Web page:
Less than two weeks ago, the Union Ministry of Social Justice and Empowerment announced the National Council for Transgender Persons (hereafter: National Council) as fulfilment of its mandate in the Transgender (Protection of Rights) Act, 2019 (hereafter: Trans Act).
Almost in time for the anniversary of Navtej Johar & Ors. Vs Union of India, 2018, the Supreme Court Judgment that decriminalised consensual sodomy; and in the sixth year after NALSA vs Union of India, that recognised the “third gender”(sic); it might seem the queer utopia we all wanted is just around the corner.
This piece argues for caution in making such a claim
Many activists have already spoken out about the lack of representation in the National Council. It bears no harm to repeat that the very Trans Act under which this Council has been set up is currently under challenge in the Supreme Court by trans activists from across the country for its violation of many principles of the NALSA judgment.
While the problems with the Trans Act are too many to elaborate, in this piece I attempt to elaborate how trans politics and their demands challenge the logic of representative democracy that holds such Councils as signs of development and progress itself.
One way of being a citizen is through our participation in representative democracy – whether it is in voting, participating in civil society or holding our representatives to account.
The logic of votes is the game of numbers and that of representation is a promise of visibility. In fact representation, in this logic, gives hitherto “silenced” minorities not just voice but also repairs the hurt of living in an unequal society.
It is often argued that to see more of one’s own community represented addresses and makes responsible the very structures that denied their existence before. It heals wounds, like a doctor does. But a doctor doesn’t just cure, he also disciplines.
Representation is to be slowly roasted on the same fire whose burns it seeks to heal. Built on a political version of the trickle down theory, it claims that in time, the representatives in raising their voice on our behalf, slowly alleviate our minoritisation.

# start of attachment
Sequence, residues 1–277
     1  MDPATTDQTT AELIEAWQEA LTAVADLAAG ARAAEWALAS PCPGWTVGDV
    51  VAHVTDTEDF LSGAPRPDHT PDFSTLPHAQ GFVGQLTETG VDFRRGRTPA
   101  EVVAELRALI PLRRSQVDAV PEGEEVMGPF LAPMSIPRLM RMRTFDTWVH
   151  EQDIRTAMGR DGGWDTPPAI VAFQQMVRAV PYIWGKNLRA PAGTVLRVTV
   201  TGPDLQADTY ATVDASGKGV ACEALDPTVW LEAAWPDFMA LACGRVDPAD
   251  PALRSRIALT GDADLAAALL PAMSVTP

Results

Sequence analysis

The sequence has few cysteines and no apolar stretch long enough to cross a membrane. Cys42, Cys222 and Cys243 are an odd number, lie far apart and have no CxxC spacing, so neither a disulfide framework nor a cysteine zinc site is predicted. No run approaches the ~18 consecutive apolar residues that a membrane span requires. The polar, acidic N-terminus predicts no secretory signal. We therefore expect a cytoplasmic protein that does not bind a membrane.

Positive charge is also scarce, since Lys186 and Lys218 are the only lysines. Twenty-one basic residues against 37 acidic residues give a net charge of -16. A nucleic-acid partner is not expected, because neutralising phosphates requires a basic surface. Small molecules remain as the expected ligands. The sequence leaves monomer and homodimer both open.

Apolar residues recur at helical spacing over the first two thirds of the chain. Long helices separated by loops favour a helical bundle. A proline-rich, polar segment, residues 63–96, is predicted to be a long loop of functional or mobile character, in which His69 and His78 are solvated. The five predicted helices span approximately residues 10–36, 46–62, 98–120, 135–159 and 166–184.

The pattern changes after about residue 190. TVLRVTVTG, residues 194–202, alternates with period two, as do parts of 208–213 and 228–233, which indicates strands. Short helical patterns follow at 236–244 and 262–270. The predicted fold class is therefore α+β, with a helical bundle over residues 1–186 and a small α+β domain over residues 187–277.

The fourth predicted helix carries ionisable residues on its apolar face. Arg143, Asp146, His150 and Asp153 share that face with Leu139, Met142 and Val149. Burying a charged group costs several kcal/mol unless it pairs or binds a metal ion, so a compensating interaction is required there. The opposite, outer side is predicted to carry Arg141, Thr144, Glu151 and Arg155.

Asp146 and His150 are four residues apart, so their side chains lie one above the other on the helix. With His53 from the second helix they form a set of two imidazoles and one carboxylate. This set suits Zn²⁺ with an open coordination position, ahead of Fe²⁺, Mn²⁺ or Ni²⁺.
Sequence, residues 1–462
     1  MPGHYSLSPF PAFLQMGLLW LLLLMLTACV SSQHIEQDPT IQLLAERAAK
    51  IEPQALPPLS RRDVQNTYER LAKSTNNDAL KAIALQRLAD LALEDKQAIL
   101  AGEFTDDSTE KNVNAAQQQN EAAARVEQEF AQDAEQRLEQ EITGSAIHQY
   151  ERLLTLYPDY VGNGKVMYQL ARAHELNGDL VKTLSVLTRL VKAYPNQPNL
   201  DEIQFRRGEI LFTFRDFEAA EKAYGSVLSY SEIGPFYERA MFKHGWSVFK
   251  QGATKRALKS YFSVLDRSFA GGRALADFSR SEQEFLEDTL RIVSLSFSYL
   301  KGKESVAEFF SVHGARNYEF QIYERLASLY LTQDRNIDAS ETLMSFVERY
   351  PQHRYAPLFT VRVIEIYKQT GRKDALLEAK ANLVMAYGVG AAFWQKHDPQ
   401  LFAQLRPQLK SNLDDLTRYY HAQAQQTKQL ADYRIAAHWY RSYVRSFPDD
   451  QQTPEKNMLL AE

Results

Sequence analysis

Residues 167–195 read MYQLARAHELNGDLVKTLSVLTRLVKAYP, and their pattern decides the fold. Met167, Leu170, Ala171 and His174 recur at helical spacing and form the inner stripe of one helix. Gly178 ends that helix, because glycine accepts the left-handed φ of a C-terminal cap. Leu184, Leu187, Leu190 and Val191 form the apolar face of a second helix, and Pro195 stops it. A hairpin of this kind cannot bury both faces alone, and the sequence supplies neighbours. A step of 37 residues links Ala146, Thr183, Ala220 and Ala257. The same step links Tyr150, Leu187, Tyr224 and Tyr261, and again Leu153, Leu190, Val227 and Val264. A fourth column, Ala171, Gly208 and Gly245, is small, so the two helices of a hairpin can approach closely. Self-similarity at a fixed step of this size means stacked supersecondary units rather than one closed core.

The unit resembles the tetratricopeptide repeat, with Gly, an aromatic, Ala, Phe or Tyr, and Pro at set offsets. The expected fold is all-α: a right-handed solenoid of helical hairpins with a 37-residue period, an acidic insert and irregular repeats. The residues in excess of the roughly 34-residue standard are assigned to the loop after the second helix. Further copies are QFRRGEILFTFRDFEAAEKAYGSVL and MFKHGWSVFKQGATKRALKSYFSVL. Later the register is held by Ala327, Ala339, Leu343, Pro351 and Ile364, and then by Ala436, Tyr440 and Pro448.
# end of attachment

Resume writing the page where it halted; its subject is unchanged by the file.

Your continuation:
The promise of democracy is deferred to a future of inexact or no time, while we as good citizens are to wait. It diffuses the rage that is animated out of daily injustice and delegitimises the immediacy that any call to justice might seek.
It shushes the aggrieved to wait, like an adult does an agitated child, till their representatives do the needful. Representation may seem to lessen the erasure of minority speech but it merely creates more ambient noise with its visibility. The scream becomes the din of an annoying, ill-fated mosquito.
Even this is suspect only to the generosity of elected bodies. The fear of loss of numbers keeps the violence of electoral representation in check. If you can be counted, your voice will be accounted for. The count is a scary thing for many trans folx.
What do you count when you account for trans folx? What experience? What bodies? Who is left behind and who gets to represent us? Often our personhood is disaggregated by what Katherine McKrittrick calls in the context of the slave ledger, “the mathematics of the unliving.”
McKrittick eludes to the difficulty of writing into existence black beings from the originary violence of the ledger and the log book, where the slave’s status was commodity. Can someone be recovered from the “data that honour and repeat and cherish anti-black violence and black death”?
Transness is often made into an arithmetic – the percentage of hormones, the date of surgery, the years of knowing you were a boy or a girl – that can add up into a gender or may be not.
This calculation is done by a team of experts who certify us into existence – doctors, psychiatrists and law makers. This is the very arithmetic that the Trans Act has sought to reduce trans folx to.